Trump Giving Xi Someone to Blame for China's Slowing Economy
(Bloomberg) -- U.S. President Donald Trump sought to pressure Beijing to open its markets by undermining its economy. Instead, he may be providing Chinese counterpart Xi Jinping with the perfect cover story if things get worse.
China’s economy has shown signs of slowing in recent months, expanding in the third quarter at the weakest pace since the depths of the financial crisis in 2009. The slowdown -- predicted by the ruling Communist Party and market observers long before Trump’s rise -- has nonetheless fanned anxiety among a population that has grown accustomed to decades of breakneck growth.
So far, Xi has deviated little from his playbook since taking power six years ago: gradually allowing more foreign competition in some sectors while centralizing control over others. Recent moves to reaffirm support for state-owned enterprises, detain the Chinese head of Interpol and legalize the detention of tens of thousands of Muslims show he’s not afraid to defy calls to calls to speed up market reforms and protect human rights.
“Against the backdrop of the trade war, Xi is likely to reinforce political and ideological stability -- he will show zero tolerance to any political challenges and strengthen his absolute authority,” said Suisheng Zhao, director of the Center for China-U.S. Cooperation at the University of Denver’s Josef Korbel School of International Studies. “Trump’s maximum pressure will not corner Xi. Instead, it works as a scapegoat for China’s economic slowdown.”
The trade fight has emerged as Xi’s most serious foreign policy test, and it came shortly after he secured sweeping new authority over the party and got term limits repealed. The confrontation with the world’s largest economy has prompted doubts within ministries, universities and think tanks about whether China could prevail.
The months ahead may be pivotal, as Trump’s tariffs begin to bite and chip away at investor confidence. Chinese authorities last week acted to shore up the country’s tumbling stock markets and prevent a $3 trillion equity rout from infecting the overall economy.
Broader policy moves could come during an annual party gathering expected before the end of the year. A scheduled meeting with Trump on the sidelines of the Group of 20 meetings in Argentina next month, as well as the 40th anniversary of China’s economic “reform and opening-up” era in December, also provide Xi opportunities to shift course.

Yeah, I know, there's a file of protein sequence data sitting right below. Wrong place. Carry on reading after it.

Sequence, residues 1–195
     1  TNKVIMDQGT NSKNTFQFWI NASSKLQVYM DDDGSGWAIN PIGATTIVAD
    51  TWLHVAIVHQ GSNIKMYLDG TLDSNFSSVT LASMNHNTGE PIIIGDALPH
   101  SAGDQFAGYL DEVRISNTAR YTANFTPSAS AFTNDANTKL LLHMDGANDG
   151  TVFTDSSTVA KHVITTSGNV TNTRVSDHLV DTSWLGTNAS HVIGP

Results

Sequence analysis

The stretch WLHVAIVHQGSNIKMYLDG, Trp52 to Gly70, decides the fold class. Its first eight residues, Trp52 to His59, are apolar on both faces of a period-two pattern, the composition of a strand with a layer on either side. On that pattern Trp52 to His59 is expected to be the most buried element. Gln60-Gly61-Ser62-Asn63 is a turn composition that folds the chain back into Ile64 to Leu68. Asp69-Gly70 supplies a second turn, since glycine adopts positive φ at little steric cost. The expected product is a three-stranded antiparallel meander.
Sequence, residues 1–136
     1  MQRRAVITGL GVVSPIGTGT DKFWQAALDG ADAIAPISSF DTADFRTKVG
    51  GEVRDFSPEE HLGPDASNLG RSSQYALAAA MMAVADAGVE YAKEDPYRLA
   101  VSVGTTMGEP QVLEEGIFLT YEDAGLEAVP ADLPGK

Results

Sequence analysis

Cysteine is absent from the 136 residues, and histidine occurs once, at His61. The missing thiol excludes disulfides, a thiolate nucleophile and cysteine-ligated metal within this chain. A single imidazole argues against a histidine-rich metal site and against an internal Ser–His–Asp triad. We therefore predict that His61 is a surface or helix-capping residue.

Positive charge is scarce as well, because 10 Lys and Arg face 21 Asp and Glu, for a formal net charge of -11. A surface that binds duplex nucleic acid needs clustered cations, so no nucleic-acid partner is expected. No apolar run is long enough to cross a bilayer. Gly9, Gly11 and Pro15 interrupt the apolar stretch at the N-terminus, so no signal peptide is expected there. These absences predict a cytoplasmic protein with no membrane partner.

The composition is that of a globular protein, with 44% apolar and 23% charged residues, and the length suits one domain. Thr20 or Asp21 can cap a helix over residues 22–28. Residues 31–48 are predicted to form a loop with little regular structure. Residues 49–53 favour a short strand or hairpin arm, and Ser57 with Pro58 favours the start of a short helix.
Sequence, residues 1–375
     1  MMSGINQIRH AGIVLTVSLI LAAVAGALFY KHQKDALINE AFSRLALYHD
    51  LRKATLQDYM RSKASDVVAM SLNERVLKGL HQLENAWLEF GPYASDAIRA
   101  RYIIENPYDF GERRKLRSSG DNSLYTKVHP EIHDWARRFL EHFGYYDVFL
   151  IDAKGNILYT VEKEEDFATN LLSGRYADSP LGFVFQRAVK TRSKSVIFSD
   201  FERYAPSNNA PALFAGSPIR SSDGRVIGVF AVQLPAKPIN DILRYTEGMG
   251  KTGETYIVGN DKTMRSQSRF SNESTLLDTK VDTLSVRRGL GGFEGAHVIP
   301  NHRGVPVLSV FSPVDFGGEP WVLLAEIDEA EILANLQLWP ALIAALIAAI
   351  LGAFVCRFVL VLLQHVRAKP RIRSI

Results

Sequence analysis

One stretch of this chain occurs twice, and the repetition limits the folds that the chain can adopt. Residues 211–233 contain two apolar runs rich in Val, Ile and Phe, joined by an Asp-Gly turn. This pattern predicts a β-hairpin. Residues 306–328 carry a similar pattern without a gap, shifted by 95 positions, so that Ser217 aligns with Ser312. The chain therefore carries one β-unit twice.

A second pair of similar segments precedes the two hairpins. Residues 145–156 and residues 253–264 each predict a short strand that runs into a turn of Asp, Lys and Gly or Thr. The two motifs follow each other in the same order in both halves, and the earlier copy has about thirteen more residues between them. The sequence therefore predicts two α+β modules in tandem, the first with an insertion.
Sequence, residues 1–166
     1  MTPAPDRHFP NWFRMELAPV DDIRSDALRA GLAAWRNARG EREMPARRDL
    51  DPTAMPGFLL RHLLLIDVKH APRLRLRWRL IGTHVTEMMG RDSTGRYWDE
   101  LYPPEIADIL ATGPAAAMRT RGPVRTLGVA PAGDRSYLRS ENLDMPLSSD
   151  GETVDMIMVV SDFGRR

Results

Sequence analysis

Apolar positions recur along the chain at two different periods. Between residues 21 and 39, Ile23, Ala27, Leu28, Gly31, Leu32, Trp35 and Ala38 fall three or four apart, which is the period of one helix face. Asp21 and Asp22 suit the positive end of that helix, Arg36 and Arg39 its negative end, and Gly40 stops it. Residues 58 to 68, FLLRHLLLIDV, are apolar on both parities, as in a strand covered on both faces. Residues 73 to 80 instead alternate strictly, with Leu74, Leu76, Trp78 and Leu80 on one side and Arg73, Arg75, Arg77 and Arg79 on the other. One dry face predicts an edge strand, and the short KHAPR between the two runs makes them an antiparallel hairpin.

“There’s a looming sense of uncertainty,” said Zhang Jian, associate professor of government at Peking University. “Everyone is looking at Xi and his small coterie of followers. Towards the end of this winter, when we see the annual results for the economy and we feel the results of the trade war across the board, we will be able to judge if Xi has used up too much of his political capital.”
Meanwhile, security disputes have fed fears that the China-U.S. trade fight could develop into a new Cold War. On Monday, Trump pledged to outspend Beijing on a nuclear buildup while the U.S. Navy sailed two warships through the Taiwan Strait, in a show of military support for the democratically run island.
Trump’s moves provide Xi with a ready strategy to face any rising discontent from an economic slowdown he would’ve needed to address regardless of who the U.S. elected president. Now, he also has the option of appealing to nationalism among a Chinese public conditioned to decades of efforts to blame “external forces” for internal problems.
For now, Chinese authorities continue to play down the trade threat, with an editorial published by the party’s People’s Daily newspaper last week calling the damage “controllable.” Still, the government accused the U.S. of “trade bullyism” in a white paper last month and Xi’s top economic adviser, Liu He, has acknowledged the conflict was having a “psychological effect.”
That could change as the stalemate grinds on. The Washington-based Axios news site reported Sunday that Trump believed it would take more time for his tariffs have an impact on China’s economy and that he would gain leverage in trade negotiations the longer they remain.
The U.S. has called on China to scale back support for its sprawling state-owned enterprises, which control about 40 percent of industrial production. But Xi has moved in the opposite direction, even if he’s offered soothing words to private entrepreneurs. During a trip to the northeastern rust belt last month, Xi promoted “self-reliance” and said that “any thoughts or deeds that doubt or speak ill of SOEs are wrong.”
“Economically, China really doesn’t have much space to make a concession -- with a slowing economy, it’s impossible to drop industrial polices and restructure SOEs,” said Zhao, of the University of Denver. “Politically, Xi can not back down from a standoff with Trump which would challenge his legitimacy.”
To contact Bloomberg News staff for this story: Peter Martin in Beijing at email@example.com;Dandan Li in Beijing at firstname.lastname@example.org
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